US Handiss Spotlight - Mohamad Tassabehji

Handiss Spotlight: Mohamad Tassabehji – Project Engineer

Mohamad is a Civil Engineer with a background in Structures and Transportation. His experience includes work in the design, procurement and construction side of civil engineering. Design experiences have included large civil infrastructure projects including airports, bus networks, rail systems, and industrial city services. Procurement experiences have included purchasing, contracts, traffic and logistics, and finance (in particular work with export credit agencies such as EXIM). His current work includes all aspects of construction from scheduling, budget management, change management, and field coordination issues.

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Q: You’ve earned your bachelor’s degree in Architectural Engineering. How does that differ from an Architectural Design degree?

A: That is a very good question, there are very few colleges that offer the Architectural Engineering Degree. It is offered as a speciality within the Civil Engineering Department. The program requires students to take some classes from the Architecture program including several design studio classes. However, ultimately it is a Civil Engineering degree with a focus on structures and building as opposed to roads, bridges, water, waste water structures that are within the field of civil engineering. Students take classes on HVAC design, Facade Engineering, and Architectural Design. I would say most of my classmates were engineers who had an interest in architecture, and after graduation about half the class would pursue a masters in architecture, and the other half a masters in Structural Engineering.

Q: How do you typically spend your day on the job as a Project Engineer?

A: A typical day as a Project Engineer would involve walking the project site to see what the construction progress looks like, and if there any issues that have come up that need to be addressed with the design team. The project engineer will check with the superintendent to check and make sure he has all the materials he needs. Then back in the field office, the engineer will check the status of material deliveries, and will check on any submittals or RFIs that are pending with the design team of the owner. In addition, the engineer needs to check to see if there are any new submittals or shop drawings that have been submitted by the subcontractors, review them and send them along for review by the design architect and engineer. Other tasks include internal reporting, and reviewing changes received from the architect, making sure they are distributed to the subcontractors and following up on any change pricing from the subs and the vendors.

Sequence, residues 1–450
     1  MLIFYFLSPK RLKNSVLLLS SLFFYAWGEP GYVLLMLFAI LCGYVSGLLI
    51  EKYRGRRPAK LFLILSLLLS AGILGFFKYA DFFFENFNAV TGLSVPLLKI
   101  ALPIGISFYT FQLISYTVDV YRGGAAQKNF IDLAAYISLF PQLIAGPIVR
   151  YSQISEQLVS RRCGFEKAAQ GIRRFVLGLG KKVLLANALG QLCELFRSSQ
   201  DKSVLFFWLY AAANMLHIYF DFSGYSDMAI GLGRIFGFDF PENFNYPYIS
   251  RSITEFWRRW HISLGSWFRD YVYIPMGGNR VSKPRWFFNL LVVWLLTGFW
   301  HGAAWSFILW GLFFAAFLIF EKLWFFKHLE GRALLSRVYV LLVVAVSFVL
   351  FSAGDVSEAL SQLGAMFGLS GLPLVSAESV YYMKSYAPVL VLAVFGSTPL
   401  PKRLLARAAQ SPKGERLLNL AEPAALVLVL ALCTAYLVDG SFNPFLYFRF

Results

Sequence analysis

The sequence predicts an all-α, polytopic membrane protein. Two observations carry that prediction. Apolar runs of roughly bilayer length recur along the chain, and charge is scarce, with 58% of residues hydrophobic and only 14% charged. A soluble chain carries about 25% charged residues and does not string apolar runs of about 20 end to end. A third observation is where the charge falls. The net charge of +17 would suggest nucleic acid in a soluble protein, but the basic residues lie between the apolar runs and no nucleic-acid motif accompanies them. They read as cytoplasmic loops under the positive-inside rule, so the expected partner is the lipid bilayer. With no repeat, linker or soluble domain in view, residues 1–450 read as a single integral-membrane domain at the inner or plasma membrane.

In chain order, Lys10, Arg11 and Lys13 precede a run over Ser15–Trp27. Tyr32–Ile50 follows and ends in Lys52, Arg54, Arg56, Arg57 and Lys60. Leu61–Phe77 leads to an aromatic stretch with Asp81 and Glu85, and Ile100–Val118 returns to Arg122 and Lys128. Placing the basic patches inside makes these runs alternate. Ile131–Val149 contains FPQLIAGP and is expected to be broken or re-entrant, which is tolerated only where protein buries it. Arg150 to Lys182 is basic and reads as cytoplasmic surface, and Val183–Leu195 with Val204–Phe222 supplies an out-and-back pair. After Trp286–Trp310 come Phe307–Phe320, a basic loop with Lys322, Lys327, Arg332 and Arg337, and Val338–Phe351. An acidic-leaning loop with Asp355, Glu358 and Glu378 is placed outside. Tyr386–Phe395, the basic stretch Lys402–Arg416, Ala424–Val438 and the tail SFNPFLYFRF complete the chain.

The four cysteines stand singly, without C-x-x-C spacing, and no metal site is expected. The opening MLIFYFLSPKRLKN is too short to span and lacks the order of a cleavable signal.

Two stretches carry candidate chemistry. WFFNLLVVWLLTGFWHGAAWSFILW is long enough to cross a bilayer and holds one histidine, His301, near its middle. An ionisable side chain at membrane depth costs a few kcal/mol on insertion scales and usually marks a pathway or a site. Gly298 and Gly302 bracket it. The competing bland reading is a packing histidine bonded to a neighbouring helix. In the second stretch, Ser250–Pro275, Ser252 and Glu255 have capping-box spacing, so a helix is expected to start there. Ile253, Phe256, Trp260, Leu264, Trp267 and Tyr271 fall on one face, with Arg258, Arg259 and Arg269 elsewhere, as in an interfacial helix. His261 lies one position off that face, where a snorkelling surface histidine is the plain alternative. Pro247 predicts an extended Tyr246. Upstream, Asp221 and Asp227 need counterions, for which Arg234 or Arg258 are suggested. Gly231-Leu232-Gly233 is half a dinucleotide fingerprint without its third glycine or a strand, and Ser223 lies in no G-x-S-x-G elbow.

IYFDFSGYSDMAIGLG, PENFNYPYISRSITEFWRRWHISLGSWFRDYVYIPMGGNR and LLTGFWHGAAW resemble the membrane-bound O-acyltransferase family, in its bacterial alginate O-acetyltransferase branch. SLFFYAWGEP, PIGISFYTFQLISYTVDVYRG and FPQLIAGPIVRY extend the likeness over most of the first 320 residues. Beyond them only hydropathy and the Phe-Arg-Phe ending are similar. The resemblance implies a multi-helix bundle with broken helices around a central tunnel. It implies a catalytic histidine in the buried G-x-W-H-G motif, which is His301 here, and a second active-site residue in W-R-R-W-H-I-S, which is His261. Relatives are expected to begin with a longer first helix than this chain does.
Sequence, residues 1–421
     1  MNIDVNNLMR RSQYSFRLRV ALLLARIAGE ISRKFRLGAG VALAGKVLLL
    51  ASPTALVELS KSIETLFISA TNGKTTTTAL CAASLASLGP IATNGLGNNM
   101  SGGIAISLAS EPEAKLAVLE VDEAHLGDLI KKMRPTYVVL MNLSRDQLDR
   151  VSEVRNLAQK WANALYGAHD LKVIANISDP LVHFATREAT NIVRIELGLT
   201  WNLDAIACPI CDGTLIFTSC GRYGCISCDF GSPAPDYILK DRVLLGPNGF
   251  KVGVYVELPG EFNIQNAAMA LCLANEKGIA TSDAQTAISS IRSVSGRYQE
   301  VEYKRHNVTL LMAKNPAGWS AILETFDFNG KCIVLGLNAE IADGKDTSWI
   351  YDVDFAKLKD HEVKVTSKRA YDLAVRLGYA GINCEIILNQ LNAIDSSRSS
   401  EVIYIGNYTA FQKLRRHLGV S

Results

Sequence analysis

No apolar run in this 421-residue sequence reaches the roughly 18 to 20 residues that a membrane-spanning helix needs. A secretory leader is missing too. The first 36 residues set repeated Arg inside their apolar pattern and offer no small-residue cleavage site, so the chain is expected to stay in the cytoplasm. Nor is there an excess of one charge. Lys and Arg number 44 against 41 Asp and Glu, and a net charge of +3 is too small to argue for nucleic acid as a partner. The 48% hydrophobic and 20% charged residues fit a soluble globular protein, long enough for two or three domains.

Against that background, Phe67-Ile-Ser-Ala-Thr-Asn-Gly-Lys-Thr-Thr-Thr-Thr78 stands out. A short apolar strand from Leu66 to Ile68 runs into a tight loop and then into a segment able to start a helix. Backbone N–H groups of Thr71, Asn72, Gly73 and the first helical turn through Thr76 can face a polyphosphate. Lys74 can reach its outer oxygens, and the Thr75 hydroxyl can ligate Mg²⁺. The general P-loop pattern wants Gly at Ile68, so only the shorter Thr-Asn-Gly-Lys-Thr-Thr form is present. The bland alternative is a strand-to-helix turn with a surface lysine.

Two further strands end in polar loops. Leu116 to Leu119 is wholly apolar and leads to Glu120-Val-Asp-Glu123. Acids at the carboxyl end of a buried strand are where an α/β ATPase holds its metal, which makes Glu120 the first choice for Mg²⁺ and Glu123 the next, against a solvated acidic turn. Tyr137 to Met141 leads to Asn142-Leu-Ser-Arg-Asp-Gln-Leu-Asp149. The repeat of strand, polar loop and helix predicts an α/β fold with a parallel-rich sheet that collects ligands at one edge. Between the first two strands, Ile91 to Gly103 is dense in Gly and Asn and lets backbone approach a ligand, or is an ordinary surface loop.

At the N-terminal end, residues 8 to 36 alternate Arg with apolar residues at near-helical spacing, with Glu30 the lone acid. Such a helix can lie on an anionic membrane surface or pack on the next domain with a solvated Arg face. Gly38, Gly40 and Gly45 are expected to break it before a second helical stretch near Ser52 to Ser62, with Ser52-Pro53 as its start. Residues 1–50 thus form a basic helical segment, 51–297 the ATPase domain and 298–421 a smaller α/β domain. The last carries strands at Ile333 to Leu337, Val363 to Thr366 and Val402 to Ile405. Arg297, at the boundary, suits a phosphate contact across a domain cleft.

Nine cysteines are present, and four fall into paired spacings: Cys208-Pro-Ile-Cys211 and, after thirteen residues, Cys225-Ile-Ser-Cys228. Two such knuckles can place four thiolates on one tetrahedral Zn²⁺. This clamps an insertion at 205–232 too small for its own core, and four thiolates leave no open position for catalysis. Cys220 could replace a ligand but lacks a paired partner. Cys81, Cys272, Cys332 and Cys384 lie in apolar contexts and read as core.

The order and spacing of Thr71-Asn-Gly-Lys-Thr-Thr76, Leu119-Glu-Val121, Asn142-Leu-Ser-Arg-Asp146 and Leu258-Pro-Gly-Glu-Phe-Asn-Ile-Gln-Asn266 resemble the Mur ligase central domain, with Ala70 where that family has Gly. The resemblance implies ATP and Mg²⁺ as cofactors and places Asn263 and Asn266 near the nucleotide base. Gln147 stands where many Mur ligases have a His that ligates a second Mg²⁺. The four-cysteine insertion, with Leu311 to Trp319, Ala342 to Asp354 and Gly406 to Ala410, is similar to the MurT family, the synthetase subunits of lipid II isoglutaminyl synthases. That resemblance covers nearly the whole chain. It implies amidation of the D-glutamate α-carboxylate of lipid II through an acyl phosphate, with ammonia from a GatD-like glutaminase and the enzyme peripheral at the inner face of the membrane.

Q: Please name one challenging project you’ve worked on, and tell us a bit about it.

A: A challenging project that I worked on was the TopGolf Project. It was my first project as a Project Engineer. On top of that it was a fast paced project with a schedule of 9 months. I had a lot of responsibility and lots of trades to manage. I had to learn quickly how to manage timely delivery of materials as well as dealing with field issues that could have delayed the project.

Q: Do you seek freelance projects aside from your main job? Have you ever been involved in any?

A: The only freelance projects that I have worked on aside from my main job has been to paint canvases, which is a side hobby away from my engineering job.

Q: What licenses and certificates would you consider for career growth?

A: I am a licensed civil engineer and I would encourage everyone to pursue a PE in their field. I would consider the PMP Certification and the LEED certifications that would allow me to grow my career in both those spaces.

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